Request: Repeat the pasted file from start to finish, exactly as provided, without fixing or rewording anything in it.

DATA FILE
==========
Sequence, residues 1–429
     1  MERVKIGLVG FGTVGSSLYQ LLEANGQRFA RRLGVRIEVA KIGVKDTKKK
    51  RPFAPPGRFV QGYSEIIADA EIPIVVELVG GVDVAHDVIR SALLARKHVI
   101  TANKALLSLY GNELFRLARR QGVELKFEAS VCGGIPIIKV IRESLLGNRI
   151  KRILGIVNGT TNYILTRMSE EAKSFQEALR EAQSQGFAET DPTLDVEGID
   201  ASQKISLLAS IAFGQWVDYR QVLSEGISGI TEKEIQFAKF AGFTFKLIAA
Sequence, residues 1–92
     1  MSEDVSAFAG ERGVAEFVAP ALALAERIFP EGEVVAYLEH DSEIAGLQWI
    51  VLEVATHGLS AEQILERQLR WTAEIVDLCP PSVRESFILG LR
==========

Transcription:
Sequence, residues 1–429
     1  MERVKIGLVG FGTVGSSLYQ LLEANGQRFA RRLGVRIEVA KIGVKDTKKK
    51  RPFAPPGRFV QGYSEIIADA EIPIVVELVG GVDVAHDVIR SALLARKHVI
   101  TANKALLSLY GNELFRLARR QGVELKFEAS VCGGIPIIKV IRESLLGNRI
   151  KRILGIVNGT TNYILTRMSE EAKSFQEALR EAQSQGFAET DPTLDVEGID
   201  ASQKISLLAS IAFGQWVDYR QVLSEGISGI TEKEIQFAKF AGFTFKLIAA
Sequence, residues 1–92
     1  MSEDVSAFAG ERGVAEFVAP ALALAERIFP EGEVVAYLEH DSEIAGLQWI
    51  VLEVATHGLS AEQILERQLR WTAEIVDLCP PSVRESFILG LR